• This cycle of victimisation continues and hurls the victim into an abyss of guilt, shame and fear.

  • It becomes extremely difficult for young victims to break out of this as they are too afraid of what they think they have already done.

  • Children are afraid of the consequences they believe they will face from their parents, teachers or law enforcement.

  • The perpetrators abuse this fear to their advantage and in this manner keep the children adherent.



  • Have conversations with your children about sex, consent to online activities and safety, early and often. 

  • Vary the content based on the child's age and developmental stage. 

  • It is developmentally normal for adolescents to be curious about sexuality and, among older adolescents, to engage in sexual relationships.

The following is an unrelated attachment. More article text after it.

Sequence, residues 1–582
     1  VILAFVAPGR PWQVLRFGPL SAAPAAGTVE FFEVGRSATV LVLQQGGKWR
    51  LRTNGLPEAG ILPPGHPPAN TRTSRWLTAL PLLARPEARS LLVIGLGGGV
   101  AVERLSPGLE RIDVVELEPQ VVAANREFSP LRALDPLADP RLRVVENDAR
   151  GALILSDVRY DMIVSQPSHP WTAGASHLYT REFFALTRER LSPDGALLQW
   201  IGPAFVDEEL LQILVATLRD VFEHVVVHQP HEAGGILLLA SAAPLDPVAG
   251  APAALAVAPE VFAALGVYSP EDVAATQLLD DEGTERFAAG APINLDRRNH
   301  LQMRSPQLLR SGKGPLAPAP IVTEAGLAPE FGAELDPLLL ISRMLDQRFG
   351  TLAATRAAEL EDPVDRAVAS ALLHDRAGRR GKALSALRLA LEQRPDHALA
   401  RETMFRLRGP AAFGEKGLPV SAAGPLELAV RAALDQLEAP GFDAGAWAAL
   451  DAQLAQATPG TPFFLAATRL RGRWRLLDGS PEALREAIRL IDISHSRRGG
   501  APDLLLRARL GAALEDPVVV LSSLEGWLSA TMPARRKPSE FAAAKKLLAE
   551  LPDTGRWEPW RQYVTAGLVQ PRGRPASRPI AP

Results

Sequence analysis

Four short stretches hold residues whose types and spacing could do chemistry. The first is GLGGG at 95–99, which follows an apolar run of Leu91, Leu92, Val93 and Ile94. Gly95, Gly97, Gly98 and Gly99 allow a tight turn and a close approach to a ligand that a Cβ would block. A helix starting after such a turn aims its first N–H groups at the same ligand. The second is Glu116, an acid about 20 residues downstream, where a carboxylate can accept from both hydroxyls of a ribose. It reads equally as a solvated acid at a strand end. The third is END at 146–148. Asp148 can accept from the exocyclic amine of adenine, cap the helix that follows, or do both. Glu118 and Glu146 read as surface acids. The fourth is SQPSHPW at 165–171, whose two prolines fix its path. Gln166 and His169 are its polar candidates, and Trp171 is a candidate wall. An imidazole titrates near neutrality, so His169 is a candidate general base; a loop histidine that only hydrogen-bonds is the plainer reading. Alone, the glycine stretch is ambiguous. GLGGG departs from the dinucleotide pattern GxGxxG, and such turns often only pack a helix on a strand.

• It is also a function of an adolescent's developing brain that decisions are not always made with long-term consequences in mind. 

  • As such, it is essential to approach conversations about sex and online behaviours without judgment or blame. 

  • Consider a rule against devices in bedrooms overnight or shutting off Wi-Fi access during overnight hours. 

  • Review the privacy settings of your child's online devices.

  • It is critical to keep all accounts private to ensure predators do not have access to personal information or personal images.

  • Do not overshare personal information online. 

  • Lock down social media accounts so only friends can see posts, photos, and connections.

  • In this manner, a private profile cannot be found on search engines.

  • Never engage with strangers online and do not move any conversation to a different platform, a private chat room or off-line.